A Study of The Effect of Membrane Targeting Antimicrobial Compounds on Ionic Transport Across Lipid Bilayer Membranes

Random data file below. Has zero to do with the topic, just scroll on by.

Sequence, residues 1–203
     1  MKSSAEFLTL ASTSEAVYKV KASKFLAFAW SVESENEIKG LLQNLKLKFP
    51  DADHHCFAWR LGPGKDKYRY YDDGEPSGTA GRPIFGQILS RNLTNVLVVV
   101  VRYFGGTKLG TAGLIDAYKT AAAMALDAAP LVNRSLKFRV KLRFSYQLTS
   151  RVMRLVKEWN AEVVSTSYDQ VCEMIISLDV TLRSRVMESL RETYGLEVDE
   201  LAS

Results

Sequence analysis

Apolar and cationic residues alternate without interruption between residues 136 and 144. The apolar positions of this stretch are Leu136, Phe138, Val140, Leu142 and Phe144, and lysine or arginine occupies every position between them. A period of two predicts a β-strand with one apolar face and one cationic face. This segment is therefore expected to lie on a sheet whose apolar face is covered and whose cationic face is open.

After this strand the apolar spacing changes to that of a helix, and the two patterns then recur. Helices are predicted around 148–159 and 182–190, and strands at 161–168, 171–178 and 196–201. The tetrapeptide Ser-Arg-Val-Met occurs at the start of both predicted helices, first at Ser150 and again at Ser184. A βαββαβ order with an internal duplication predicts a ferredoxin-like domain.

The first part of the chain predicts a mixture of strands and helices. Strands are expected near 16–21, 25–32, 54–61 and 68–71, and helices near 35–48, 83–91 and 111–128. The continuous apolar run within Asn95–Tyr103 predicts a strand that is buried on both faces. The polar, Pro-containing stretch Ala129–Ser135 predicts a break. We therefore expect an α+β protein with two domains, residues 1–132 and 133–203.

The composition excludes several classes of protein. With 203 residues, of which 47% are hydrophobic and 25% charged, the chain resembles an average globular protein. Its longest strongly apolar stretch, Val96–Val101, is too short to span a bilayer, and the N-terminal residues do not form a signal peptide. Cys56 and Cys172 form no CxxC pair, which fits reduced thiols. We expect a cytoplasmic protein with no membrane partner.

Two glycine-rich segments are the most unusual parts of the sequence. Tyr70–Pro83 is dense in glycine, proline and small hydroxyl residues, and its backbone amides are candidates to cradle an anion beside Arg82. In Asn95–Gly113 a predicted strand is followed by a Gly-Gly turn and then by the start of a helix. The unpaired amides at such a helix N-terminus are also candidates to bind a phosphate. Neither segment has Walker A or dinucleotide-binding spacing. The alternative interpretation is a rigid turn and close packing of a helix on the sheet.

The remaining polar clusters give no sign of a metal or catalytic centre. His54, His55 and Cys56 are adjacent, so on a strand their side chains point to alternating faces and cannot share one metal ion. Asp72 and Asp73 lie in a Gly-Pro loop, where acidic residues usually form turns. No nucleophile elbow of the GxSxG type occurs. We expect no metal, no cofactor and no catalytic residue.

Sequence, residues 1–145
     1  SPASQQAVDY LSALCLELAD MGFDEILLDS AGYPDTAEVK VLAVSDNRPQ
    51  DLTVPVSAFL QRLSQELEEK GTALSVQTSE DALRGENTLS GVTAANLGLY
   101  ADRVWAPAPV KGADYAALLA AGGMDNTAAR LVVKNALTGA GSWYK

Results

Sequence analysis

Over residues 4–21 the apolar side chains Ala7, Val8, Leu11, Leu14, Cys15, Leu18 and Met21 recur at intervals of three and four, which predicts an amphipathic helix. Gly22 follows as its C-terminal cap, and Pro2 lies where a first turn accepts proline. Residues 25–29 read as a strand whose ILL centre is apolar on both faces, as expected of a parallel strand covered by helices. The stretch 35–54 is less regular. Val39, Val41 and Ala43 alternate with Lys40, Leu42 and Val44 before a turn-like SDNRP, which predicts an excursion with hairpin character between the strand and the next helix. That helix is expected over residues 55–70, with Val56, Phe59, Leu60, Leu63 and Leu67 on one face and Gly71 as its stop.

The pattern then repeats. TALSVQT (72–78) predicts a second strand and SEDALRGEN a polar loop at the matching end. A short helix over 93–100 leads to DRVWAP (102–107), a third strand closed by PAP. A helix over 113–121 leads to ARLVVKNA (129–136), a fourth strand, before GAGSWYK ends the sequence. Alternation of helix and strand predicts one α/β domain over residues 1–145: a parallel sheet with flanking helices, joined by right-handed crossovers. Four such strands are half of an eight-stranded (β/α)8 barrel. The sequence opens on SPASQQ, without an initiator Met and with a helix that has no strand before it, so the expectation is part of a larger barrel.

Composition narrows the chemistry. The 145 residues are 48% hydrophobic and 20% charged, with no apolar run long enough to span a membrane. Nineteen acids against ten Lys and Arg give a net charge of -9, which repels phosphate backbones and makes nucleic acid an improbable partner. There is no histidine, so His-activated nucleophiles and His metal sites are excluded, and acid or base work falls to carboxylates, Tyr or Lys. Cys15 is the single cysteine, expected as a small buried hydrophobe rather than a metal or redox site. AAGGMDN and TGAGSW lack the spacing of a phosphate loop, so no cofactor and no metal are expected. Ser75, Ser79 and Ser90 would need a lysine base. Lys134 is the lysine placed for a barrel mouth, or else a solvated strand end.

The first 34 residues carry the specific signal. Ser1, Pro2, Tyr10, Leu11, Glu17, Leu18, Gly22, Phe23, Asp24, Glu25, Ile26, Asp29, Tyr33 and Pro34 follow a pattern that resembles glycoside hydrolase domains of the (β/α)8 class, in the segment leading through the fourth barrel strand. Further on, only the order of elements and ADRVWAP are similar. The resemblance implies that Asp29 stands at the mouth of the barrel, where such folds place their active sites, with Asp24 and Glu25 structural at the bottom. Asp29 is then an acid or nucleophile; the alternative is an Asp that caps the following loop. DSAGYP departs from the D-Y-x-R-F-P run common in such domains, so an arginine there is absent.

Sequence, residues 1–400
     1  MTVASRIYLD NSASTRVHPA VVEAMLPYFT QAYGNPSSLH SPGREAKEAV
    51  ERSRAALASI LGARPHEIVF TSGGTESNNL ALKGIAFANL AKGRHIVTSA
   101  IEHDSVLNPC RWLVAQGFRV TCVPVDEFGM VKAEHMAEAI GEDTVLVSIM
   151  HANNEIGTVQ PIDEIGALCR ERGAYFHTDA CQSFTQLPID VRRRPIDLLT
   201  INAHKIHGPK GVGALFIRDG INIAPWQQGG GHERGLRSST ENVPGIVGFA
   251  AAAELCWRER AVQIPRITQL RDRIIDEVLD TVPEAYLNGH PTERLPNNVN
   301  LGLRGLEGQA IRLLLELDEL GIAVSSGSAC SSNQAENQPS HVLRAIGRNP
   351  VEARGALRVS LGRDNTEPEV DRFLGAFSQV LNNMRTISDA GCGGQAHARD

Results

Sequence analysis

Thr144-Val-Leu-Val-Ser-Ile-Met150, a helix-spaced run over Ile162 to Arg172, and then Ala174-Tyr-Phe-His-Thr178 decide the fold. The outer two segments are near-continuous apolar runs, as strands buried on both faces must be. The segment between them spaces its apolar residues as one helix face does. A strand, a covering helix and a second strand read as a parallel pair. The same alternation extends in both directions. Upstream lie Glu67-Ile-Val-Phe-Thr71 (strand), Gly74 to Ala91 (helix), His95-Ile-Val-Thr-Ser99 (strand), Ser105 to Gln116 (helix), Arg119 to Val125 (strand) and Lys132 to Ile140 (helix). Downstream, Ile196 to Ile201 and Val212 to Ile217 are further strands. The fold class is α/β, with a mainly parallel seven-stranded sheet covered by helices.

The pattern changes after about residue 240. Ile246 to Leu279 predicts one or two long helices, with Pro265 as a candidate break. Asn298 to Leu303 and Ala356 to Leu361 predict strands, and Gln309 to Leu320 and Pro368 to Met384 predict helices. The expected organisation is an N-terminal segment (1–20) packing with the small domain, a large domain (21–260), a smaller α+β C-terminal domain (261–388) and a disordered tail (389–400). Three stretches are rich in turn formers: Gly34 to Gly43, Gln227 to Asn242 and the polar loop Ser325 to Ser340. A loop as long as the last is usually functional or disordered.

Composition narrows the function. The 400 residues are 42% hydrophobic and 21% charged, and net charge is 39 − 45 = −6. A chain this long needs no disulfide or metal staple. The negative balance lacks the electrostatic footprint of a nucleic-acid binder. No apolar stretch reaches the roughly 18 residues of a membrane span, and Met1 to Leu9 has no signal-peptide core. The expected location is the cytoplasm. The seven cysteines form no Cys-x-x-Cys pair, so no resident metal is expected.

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The novel synthetic cationic peptide melimine is a chimera of two natural peptides, melittin and protamine. This peptide has a broad spectrum of antibacterial activity against both gram-positive and gram-negative bacteria while having no toxicity in mammalian cells. Melimine was initially synthesised as a coating for contact lenses as a way of reducing keratitis, inflammation of the cornea. However, its antibacterial effects also have further potential use as an antimicrobial coating for other biomaterial surfaces. This peptide has been studied along with four peptide derivatives to determine the effects that peptide hydrophobicity, charge and size have on the peptides’ antibacterial properties through studying their peptide-membrane interactions. Melimine has previously been shown to reduce the integrity of membranes, observed through the leakage of dye from bacterial membranes. The membrane-peptide interactions were compared using advanced lipid membrane biophysical techniques, including in-silico structural modelling, fluorescent membrane dipole measures, differential scanning calorimetry, neutron reflectometry, dynamic light scattering and electrical impedance spectroscopy and Arrhenius measures of their interactions with tethered bilayer lipid membranes (tBLMs). Through analysing the results obtained from these biophysical techniques, the peptide-membrane interactions of melimine and its derivatives were compared against known modes lipid membrane interactions of antimicrobial compounds. These interactions included the barrel-stave model, carpet model, interdigitated toroidal pore model, critical packing parameter model and other surfactant-like properties. The five peptides showed minimal peptide-membrane interactions and an inability to span a lipid bilayer, leading to a postulation that these five peptides do not conform to having one of these aforementioned modes of action in killing bacteria. The limited peptide-membrane interactions of the five cationic peptides contrast with their known antibacterial activity against bacteria. This suggests that melimine and its derivatives may interact with other components of bacterial cell membranes; this could include extracellular components, such as porin channels. This research highlights that the assumption that cationic peptides adhere to established membrane disruption models for their antimicrobial activity requires reconsideration. This study emphasises the need for an alternative model of the antibacterial effects of cationic peptides such as melimine and its derivatives.
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